The Jakarta Post/Jakarta
In medieval times, Indonesia was a leading spice exporter, drawing many European explorers to the country. Due to unsustainable practices, unfortunately, the current state of the Indonesian spice trade has largely been a story of missed opportunities.
Despite the fact that Indonesian soil is an abundant producer of spices, some unsustainable practices have caused the archipelago to lag behind in the spice trade, far removed from its glory days some 500 years ago.
Indonesian Botanical Garden Foundation representative Didiek Setiabudi Hargono says Indonesia is no longer the number one exporter in the international spice trade. Overall, Singapore is currently the world’s number one spice seller, followed by Vietnam, thanks to their ability to produce value-added products.
Indonesia currently faces some different challenges in the global spice trade competition, including low-quality packaging and low prices.
“Low-quality packaging causes a number of spices — pepper, vanilla and quinine — to be damaged during the shipping process. Low commodity prices, meanwhile, make it difficult for our spices to penetrate the premium market segment,” Indrasari Wisnu Wardhana, the Indonesian Trade Ministry’s domestic trade general-directorate secretary told The Jakarta Post by e-mail.
Didiek said biological and environmental factors also contribute to the country’s declining position in the global spice trade.
“Spices require specific types of soil in order to grow. For instance, nutmeg can only flourish in the Eastern [part] of Indonesia. Due to conversions of land into agricultural fields, which started in around the 1970s, our fertile soil availability is now very limited,” he said.
While facing the shrinking of fertile soil, regeneration of spices trees is another crucial problem that needs special attention; Indonesians now have to use synthetic versions of spices like camphor (Cinnamomum camphora), because they have now become endangered species.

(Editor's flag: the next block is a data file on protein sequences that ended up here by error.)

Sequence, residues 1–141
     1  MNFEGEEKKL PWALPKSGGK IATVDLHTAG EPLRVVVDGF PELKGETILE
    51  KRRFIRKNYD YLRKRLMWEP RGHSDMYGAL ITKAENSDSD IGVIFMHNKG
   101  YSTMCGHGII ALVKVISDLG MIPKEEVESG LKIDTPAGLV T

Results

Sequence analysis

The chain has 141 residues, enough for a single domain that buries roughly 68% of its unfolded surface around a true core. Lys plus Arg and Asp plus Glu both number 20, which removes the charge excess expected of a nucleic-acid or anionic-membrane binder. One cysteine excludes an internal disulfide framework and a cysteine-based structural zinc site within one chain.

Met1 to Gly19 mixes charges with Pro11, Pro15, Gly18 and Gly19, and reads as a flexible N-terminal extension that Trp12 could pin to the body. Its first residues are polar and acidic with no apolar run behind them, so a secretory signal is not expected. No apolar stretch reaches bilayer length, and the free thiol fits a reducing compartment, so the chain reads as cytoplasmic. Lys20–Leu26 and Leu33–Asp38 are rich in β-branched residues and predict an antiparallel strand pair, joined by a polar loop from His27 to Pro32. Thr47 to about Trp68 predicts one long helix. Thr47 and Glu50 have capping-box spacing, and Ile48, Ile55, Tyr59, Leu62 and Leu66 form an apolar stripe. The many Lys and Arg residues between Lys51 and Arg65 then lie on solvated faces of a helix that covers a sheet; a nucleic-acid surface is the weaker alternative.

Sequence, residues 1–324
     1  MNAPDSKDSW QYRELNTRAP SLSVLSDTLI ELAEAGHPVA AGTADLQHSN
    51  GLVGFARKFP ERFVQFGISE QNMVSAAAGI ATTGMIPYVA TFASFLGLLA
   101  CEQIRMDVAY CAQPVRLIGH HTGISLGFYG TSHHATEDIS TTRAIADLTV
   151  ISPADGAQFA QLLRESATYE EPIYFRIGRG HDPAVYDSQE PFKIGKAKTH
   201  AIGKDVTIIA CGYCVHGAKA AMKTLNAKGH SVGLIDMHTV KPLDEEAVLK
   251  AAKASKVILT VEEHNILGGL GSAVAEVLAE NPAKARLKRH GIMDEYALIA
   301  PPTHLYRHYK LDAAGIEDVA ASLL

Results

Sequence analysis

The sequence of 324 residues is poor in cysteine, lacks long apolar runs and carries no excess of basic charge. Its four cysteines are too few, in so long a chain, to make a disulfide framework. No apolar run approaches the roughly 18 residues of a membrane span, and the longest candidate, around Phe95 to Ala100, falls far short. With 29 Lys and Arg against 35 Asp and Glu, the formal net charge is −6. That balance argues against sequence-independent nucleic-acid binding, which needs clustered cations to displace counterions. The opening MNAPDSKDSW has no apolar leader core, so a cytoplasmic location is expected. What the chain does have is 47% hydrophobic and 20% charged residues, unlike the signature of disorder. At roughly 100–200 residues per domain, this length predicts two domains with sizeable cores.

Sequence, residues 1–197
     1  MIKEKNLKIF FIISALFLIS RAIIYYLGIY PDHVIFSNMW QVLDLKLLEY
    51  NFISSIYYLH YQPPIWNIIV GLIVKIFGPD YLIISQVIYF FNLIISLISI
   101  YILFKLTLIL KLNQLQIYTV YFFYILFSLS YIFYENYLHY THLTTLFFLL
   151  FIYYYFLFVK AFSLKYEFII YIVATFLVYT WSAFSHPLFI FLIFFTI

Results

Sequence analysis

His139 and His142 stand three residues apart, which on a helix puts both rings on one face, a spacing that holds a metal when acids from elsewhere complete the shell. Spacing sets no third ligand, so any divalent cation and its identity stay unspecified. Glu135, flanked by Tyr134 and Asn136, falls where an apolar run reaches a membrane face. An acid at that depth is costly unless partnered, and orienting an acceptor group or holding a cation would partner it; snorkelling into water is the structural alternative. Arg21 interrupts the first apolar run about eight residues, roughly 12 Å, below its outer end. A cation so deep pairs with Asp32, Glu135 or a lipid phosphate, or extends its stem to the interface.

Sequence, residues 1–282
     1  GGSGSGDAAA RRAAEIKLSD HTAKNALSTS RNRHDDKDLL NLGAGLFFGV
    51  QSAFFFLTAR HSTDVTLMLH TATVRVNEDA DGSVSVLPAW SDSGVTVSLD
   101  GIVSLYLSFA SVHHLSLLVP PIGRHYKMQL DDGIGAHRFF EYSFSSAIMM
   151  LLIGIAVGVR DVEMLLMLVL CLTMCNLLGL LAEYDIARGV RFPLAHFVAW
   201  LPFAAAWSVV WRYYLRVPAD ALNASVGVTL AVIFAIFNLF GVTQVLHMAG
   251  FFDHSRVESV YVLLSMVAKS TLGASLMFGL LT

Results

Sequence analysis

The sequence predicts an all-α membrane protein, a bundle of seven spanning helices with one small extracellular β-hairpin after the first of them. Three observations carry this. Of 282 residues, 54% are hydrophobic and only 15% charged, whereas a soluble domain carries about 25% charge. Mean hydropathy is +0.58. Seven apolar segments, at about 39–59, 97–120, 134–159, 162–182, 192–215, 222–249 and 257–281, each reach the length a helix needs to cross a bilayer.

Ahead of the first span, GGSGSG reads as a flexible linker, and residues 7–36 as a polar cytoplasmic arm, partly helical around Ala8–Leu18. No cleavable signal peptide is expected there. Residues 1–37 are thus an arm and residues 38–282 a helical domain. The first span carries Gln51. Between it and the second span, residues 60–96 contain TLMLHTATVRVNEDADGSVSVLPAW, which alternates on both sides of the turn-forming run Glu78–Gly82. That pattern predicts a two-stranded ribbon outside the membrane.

“Camphor is extracted from rare trees; it takes hundreds of years for it to crystallize. We, unfortunately, never cultivated the seeds of camphor trees and relied only on those available. This unsustainable practice, which does not pay attention to replanting activities, has driven camphor to near extinction,” Didiek lamented.
He also claimed that certain spice cartels, who play a role in importing indigenous spices already available in Indonesia, also have a hand in causing the value of our spices to decline.
In order to address these problems, Didiek urged the government to designate Indonesia’s top five to 10 spices with high economic value to be cultivated in soil that has been modified to fit their biological requirements.
“The government must designate specific areas in which the spices should be planted according to their biological characteristics. Then, it must determine the total area of land needed to cultivate the spices, based on the quantitative target in which they plan to export the spices,” he explained.
Indrasari said more technology should be developed to create both value-added spices and more superior spice variants — two essential elements needed to be a leading global spice exporter.
“Finally, we should also develop specific brand for our spices through the geographic indicator mechanism. Currently, from Indonesia’s abundance of spices, only four of them have obtained geographic indicators: cloves from Minahasa, North Sulawesi; white pepper from Muntok, West Bangka in Sumatra; Pala from the Siau Island in North Sulawesi and Vanilla from the Alor Island in East Nusa Tenggara,” he explained.
Secrets Behind Sriwijaya’s Successful Spice Trade
The ancient Indonesian kingdom of Sriwijaya in the southwestern part of Sumatra played a significant role in the history of the spice trail. The kingdom, which possibly originated in Palembang, South Sumatra, rose to power in the seventh century and retained control over the trade of spices — which had grown in abundance in the region — for around 500 years thanks to its strong navy.
Bambang Budi Utomo, a researcher at the National Archaeological Research and Development Center, said for around five centuries, Sriwijaya was the world’s trade hub, where middlemen from Arab and China came to get commodities that had been shipped from the Eastern island of Maluku.
Maluku Island was a home to lucrative spices such as clove, nutmeg and mace. Back then, these and middlemen carefully hid the map of the island from Europeans.